Holiday in Cambodia

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"Holiday in Cambodia"
Single by Dead Kennedys
from the album Fresh Fruit for Rotting Vegetables
Released May 1980
Genre Hardcore punk, gothic rock, post-punk
Length 4:38 (album version)
3:43 (single version)
Label Cherry Red/Alternative Tentacles
Writer(s) Jello Biafra & John Greenway
Dead Kennedys singles chronology
"California Über Alles"
(1979)
"Holiday in Cambodia"
(1980)
"Police Truck"
(1980)

"Holiday in Cambodia" is the second single off American hardcore punk band Dead Kennedys' debut studio album Fresh Fruit for Rotting Vegetables. The song was released in May 1980.

The cover art for the song was taken during the Thammasat University massacre on 6 October 1976 in Thailand. It shows a member of a right-wing crowd beating the corpse of a student protester with a chair. The song is against both Eastern totalitarianism and Western complacency. The original version of the song features the satirically quoted word "niggers", later performances of the song by the Dead Kennedys, as well as other artists have replaced the word with "brothers". Biafra, however, has often replaced the word with "blacks".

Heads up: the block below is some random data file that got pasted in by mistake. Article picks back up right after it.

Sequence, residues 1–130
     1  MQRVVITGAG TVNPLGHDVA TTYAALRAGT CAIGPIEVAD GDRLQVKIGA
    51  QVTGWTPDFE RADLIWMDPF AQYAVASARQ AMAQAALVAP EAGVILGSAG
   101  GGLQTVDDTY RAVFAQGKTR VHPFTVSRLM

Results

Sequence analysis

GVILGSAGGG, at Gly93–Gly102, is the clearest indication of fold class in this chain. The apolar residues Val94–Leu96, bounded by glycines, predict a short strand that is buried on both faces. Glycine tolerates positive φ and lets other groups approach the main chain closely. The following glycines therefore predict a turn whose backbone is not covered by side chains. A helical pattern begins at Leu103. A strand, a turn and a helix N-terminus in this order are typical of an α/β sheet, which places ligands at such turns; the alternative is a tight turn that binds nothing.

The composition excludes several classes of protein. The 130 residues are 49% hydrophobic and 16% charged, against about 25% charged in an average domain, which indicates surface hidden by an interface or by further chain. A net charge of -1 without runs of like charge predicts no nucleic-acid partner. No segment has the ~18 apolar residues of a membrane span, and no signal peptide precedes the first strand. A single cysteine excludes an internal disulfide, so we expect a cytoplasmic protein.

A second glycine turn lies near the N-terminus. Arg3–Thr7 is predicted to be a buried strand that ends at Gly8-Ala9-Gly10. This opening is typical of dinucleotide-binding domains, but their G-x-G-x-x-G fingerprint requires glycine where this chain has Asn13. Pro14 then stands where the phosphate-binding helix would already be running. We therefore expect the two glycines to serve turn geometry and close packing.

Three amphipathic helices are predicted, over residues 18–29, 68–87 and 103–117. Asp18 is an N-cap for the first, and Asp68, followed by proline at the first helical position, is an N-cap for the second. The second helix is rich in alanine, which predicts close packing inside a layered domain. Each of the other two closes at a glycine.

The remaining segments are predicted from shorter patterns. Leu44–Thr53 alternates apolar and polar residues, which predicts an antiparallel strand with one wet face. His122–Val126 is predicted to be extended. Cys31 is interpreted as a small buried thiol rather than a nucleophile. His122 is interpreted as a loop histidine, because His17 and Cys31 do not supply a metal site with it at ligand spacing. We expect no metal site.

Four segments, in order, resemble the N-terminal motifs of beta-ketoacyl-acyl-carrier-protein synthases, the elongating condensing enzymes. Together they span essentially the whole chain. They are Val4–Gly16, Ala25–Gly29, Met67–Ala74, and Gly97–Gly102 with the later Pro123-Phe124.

Lead singer Jello Biafra was sued by the other members of Dead Kennedy because he would not allow the song to be used in a Levi's Dockers commercial. Biafra opposed Levi's because he believes they use unfair business practices and sweatshop labor. The other members of the band said that they had had their royalties defrauded. "The record industry has been skimming royalties owed artists since the beginning," according to Dead Kennedys guitarist East Bay Ray. "This case is no different from blues musicians being taken advantage of in the twenties and thirties. Many people doubted the claims we made against our former record label back in 1998 but with this announcement there is no denying we were the victims here."[1][2]

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